considering those with higher educations overwhelmingly vote Democratic, there's really no point here. young people are voting in higher numbers than ever, and they vote Democratic. it is true that as young people begin to acquire capital and their incomes increase, they get swayed by the promises of lower taxes. however, these people have NOTHING in common with cultural conservatives who vote for Republicans solely because of issues like abortion. this is the "coalition" -- fiscal conservatives and social conservatives -- that was held together by Reagan and Bush 2 and that Rove used in his 50.1% strategy that brought him two extremely narrow (and one clearly illegitimate) victories.

and now, with the rise of Huckabee, that coalition has fractured. no one on Wall Street will vote for Huck, and no evangelical will vote for McCain, whereas both might have voted for Bush in 2000 (on the basis of low taxes and christianity) and in 2004 (on the basis of war/fear and hatred of gays).

things are grim for the GOP.

again, karma's a bitch.
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Old 01-04-2008, 11:24 AM   #313
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I'll just say I'm thrilled with last night's results.
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Old 01-04-2008, 11:53 AM   #314
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This is from Rollingstone.com. It's a pretty good little read.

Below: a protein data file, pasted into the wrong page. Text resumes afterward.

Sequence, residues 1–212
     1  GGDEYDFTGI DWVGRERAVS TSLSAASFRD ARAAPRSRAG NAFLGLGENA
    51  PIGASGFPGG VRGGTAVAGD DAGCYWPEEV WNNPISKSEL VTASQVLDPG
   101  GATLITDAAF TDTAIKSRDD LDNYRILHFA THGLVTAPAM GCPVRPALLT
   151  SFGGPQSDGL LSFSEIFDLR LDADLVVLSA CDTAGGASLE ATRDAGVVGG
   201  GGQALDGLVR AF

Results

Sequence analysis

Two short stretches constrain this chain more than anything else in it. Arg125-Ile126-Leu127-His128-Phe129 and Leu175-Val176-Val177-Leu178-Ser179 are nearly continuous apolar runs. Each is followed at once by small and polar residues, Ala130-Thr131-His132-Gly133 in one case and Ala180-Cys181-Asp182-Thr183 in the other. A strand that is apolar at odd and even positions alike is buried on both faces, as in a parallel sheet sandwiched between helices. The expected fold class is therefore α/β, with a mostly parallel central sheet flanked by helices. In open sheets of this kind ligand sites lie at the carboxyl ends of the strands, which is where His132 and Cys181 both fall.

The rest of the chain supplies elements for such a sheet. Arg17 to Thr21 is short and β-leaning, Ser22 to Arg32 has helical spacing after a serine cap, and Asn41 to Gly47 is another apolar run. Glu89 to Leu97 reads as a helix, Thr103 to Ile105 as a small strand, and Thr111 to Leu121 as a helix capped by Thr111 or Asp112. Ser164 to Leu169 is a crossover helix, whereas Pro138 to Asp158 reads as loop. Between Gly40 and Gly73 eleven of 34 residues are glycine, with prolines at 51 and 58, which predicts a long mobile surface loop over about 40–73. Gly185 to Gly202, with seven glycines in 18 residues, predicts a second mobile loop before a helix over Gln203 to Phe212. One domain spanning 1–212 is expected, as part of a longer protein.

Iowa By the Numbers

Four statistics blew me away tonight:

1. Obama beat Hillary among women voters 35 to 30 percent.
2. Amid record Democratic turnout, as many people under 30 showed up to caucus as those over 65.
3. Sixty percent of the GOP electorate in Iowa were born-again Christians.
4. Rudy Giuliani finished with a mere 4,013 votes, in sixth place, with less than half of the support of Ron Paul.

Taking them in order:

One:
Hillary lost tonight to Barack Obama by 8 points — a margin just as wide as Mitt Romney catastrophic shortfall against Mike Huckabee.

And Obama beat her eight ways to Sunday. He edged her out among Democrats 32/31, and cleaned her clock among independents (44/17) and wayward Republicans (41/10). He beat her among people making less than $15,000 (37/30) and more than $100,000 (41/19). He beat her among health-care voters (34/30) and suburban voters (30/25).

Most astounding however, he beat her among her core supporters, women, by five points. What more can I say than — in a night of mind boggling statistics — that that’s the stat of the night.

A black man did this. In a state that’s 96 percent white. This is truly a historic night in America.

Two:
The turnout on the Democratic side was unreal. It soared from 124,000 in 2004 to 230,000 in 2008. And that’s all about the man who won.